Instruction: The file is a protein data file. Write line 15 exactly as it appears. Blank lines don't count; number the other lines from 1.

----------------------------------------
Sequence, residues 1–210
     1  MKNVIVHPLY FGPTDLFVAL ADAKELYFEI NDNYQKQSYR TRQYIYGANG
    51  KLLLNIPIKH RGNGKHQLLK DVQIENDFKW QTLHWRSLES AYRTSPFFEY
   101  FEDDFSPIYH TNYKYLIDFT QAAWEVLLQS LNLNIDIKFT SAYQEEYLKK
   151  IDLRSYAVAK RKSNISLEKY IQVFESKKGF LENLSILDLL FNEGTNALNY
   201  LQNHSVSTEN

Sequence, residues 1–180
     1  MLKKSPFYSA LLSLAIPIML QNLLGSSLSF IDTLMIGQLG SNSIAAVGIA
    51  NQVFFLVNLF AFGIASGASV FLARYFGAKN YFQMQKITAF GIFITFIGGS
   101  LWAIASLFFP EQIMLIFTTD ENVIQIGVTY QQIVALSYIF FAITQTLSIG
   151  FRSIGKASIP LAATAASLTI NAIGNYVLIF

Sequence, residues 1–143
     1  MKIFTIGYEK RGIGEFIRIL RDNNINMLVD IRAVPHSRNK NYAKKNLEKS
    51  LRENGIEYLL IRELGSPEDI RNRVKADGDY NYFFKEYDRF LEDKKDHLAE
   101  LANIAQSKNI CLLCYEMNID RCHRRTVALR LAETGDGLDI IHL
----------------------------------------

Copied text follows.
   101  LANIAQSKNI CLLCYEMNID RCHRRTVALR LAETGDGLDI IHL